Given this discrepancy, it is worth investigating why local women opt out of paid labor, and ways to encourage them to enter the labor force. Women comprise 41 percent of the GCC population, while local women constitute an even larger portion of the population of nationals (ALCML, 2012). Increased economic participation by local women could reduce the region’s reliance on foreign labor. It would also alleviate the increasing financial burden men face in supporting their families (Al-Nasr, 2011). Thus, formulating policies cognizant of gender differences in work motivation would help create an enabling work environment for local women and ensure the Gulf’s socio-economic sustainability.


The study will be organized as follows. Section 1 will survey the existing literature, using Fiske’s model as an analytic framework. Section 2 will then briefly review gender differences at the undergraduate level in the Gulf, focusing on number of graduates and academic achievements. This will be compared to gender dynamics in GCC employment, highlighting women’s participation in different tiers of the labor force.

Section 3 will refine the review by surveying local students at one or more universities in the UAE. The questionnaire will investigate student plans upon graduating. It will inquire into which variables students perceive would affect their work motivation, and include data on their demographic profiles. The study will potentially employ regression analysis of survey results via a probit model, to assess the effect of various variables or determinants on work motivation. An interaction term capturing gender differences in determinants will be included in the model, defined as follows:
Work motivation = personal + education + determinants + gender*determinants
where personal includes a student’s age, gender, potential age of marriage, and family willingness for the student to work;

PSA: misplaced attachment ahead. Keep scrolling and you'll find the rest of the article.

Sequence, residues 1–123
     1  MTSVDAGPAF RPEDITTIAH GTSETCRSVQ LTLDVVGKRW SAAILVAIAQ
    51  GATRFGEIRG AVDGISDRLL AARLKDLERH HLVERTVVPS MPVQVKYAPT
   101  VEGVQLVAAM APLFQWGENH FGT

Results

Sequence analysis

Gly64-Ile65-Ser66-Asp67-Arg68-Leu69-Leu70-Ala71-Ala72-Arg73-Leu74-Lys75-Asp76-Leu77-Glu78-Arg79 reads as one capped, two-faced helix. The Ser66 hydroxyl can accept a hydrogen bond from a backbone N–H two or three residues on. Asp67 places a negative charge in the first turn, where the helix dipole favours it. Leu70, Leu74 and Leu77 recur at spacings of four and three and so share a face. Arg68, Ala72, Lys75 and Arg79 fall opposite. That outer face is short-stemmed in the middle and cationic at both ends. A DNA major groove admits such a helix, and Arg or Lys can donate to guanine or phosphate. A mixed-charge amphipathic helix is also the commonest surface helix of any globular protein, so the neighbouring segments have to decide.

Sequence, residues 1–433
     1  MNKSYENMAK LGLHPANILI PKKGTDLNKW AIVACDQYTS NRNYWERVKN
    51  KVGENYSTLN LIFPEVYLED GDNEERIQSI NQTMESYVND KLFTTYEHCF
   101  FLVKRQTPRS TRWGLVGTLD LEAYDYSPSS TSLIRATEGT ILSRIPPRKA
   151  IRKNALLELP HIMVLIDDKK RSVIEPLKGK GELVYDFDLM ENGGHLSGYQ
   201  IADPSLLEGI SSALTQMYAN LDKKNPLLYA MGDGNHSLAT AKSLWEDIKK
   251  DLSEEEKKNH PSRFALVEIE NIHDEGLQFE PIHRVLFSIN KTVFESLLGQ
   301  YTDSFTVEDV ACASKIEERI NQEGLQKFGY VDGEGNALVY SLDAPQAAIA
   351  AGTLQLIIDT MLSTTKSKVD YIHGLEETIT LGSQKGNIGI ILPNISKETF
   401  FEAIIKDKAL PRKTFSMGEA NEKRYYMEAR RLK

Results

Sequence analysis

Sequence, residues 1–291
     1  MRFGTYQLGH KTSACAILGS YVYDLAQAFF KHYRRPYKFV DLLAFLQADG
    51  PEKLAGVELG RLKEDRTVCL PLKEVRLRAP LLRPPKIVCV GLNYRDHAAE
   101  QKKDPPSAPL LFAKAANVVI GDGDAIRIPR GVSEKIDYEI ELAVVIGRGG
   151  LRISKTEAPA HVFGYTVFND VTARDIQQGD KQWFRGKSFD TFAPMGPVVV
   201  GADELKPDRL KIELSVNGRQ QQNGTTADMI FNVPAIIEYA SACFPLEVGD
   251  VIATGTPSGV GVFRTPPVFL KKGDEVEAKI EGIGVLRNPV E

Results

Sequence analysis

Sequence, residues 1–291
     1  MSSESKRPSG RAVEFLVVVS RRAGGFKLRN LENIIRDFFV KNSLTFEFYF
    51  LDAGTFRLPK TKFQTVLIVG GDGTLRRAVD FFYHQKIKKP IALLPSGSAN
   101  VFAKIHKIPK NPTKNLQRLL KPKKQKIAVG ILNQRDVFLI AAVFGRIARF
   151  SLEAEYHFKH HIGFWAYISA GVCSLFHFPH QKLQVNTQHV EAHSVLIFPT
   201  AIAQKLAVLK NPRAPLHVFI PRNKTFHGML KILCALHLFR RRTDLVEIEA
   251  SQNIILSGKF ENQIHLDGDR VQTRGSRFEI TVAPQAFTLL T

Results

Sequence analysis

education consists of controls pertaining to the student’s education; and
determinants comprises variables of interest that could affect work motivation.

Ethnographic interviews will be conducted in Section 4 on a small sample of GCC nationals, to extend the analysis to the labor force. Based on the findings from theory, survey results, regression analysis, and interviews, gendered determinants of work motivation will be analyzed in Section 5, using Fiske’s model and Heyman and Ariely’s modifications. Finally, Section 6 will detail potential policies that would tailor gender differences in work motivation to employment. It is hoped that the paper will advise policy encouraging GCC women to enter the labor force, and become productive assets and self-fulfilled individuals in their respective economies.


Al-Nasr, T.J. (2011). Gulf Cooperation Council (GCC) women and Misyar marriage: Evolution and progress in the Arabian Gulf. Journal of International Women’s Studies 12(3).
ALCML. (2012). GCC women: Challenging the status quo. Al Masah Capital Management Limited.
European Foundation. (2007). Quality of working life in the Czech Republic. European Foundation for the Improvement of Living and Working Conditions.
Fiske, A.P. (1992). The four elementary forms of sociality: Framework for a unified theory of social relations. American Psychological Association 99(4).
Heyman, J. and Ariely, D. (2004). Effort for payment: A tale of two markets. Psychological Science 15(11).
Hofstede, G. (1980). Culture’s Consequences: International Differences in Work-related Values. London: Sage.
Luthans, F. (1998). Organizational Behavior. Boston: Irwin McGraw-Hill.
Stiles, P. and Kulvisaechana, S. (2003). Human capital and performance: A literature review. UK: Department of Trade and Industry.